[8] Compl. at 5, 9, Capdeville v. Southwest Airlines Co., (E.D. La. Dec. 30, 2022) (No. 2:22-cv-0590).

[9] What is a Contract of Carriage?, Freightos, [].

[10] See, e.g., Contract of Carriage, United, [].

[11] Contract of Carriage, Going, [].

[12] The contractual element of consideration is satisfied when something of value was promised in exchange of the action. Elements of a Contract, Jud. Educ. Ctr. Univ. of N.M., [].

[13] Contract of Carriage – Passenger, Southwest, [].

[14] How Long Will It Take My Refund to Process?, Southwest, [].

[15] See Cerullo supra note 6; Hill supra note 7.

[16] See Cerullo supra note 6.

[17] See Natario, supra note 3.

[18] See Cerullo, supra note 6.

[19] 14 C.F.R. § 259.5(b)(5) (2022). Note that Southwest promises refunds within seven days. How Long Will It Take My Refund to Process?, Southwest, [].

[20] 14 C.F.R. § 259.5(a) (2022).

[21] Natario, supra note 3.

[22] Id.

[23] Jonathan Stempel, Shareholders Sue Southwest Airlines over Flight Meltdown, Reuters (Jan.12, 2023), [].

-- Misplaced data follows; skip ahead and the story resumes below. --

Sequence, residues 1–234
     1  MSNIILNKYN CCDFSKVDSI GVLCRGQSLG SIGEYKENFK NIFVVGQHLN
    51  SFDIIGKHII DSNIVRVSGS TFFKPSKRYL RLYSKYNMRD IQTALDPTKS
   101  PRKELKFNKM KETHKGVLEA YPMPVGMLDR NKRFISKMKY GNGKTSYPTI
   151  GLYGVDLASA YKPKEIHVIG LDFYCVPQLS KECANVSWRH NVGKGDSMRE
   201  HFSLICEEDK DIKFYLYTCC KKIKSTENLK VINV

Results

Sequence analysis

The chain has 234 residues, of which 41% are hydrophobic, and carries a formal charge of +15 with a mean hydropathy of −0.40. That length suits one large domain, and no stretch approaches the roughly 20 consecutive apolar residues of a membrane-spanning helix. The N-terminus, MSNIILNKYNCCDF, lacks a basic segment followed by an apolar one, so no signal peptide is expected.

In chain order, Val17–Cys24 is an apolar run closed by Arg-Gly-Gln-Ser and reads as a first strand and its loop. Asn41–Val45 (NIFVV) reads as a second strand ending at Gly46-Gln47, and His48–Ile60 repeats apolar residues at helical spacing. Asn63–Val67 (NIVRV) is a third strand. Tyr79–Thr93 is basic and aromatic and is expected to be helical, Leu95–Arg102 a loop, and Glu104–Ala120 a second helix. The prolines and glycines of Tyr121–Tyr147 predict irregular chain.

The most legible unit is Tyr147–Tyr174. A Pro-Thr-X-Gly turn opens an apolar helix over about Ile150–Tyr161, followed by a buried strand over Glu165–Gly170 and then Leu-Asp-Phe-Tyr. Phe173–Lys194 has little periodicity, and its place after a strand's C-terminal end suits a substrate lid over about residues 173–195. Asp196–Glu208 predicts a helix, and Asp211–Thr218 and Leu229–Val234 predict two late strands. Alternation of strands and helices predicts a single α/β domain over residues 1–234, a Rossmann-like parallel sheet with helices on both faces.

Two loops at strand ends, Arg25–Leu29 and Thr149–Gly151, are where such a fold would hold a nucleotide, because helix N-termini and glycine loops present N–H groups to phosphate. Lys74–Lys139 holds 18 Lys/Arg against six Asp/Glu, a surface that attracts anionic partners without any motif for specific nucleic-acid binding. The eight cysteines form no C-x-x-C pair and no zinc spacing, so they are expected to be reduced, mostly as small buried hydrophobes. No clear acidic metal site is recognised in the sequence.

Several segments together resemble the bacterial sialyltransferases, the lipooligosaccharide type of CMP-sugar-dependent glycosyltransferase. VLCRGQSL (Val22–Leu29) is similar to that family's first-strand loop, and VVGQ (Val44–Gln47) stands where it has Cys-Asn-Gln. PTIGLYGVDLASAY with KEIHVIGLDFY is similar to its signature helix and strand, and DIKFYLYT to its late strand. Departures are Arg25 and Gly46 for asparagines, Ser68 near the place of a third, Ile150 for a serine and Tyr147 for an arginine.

[24] Id.

[25] Contract of Carriage, supra note 11.

[26] Stempel, supra note 23.

[27] Compl. ¶ 17–56, Plaintiff v. Southwest Airlines Co., (S.D. Tex. Jan. 12, 2023).

[28] Compl. ¶ 81–90, Plaintiff v. Southwest Airlines Co., (S.D. Tex. Jan. 12, 2023).

[29] Securities Exchange Act of 1984, Sec. 10B (1984) (codified at 15 U.S.C. § 78J-2); 17 C.F.R. § 240.10b-5 (2022).

[30] Compl. ¶ 91–95, Plaintiff v. Southwest Airlines Co., (S.D. Tex. Jan. 12, 2023).

[31] Securities Exchange Act of 1984, Sec. 20A (1984) (codified at 15 U.S.C. § 78t).

[32] 17 C.F.R. § 240.10b-5 (2022).

[33] Compl. ¶ 85–90, Plaintiff v. Southwest Airlines Co., (S.D. Tex. Jan. 12, 2023).

[34] Id.

[35] See id.

[36] See Lizz Forth, What We Can Learn from the Southwest Airlines Fiasco, Namely (Jan. 5, 2023), [].

[37] See Mark Beasley, What is Enterprise Risk Management (ERM)?, NC State Poole Coll. of Mgmt. (July 17, 2020), [].

[38] Forth, supra note 36.

[39] Edward Segal, Crisis Management Lessons from Southwest Airlines’ Meltdown, Forbes (Dec. 29, 2022), [].

[40] Id.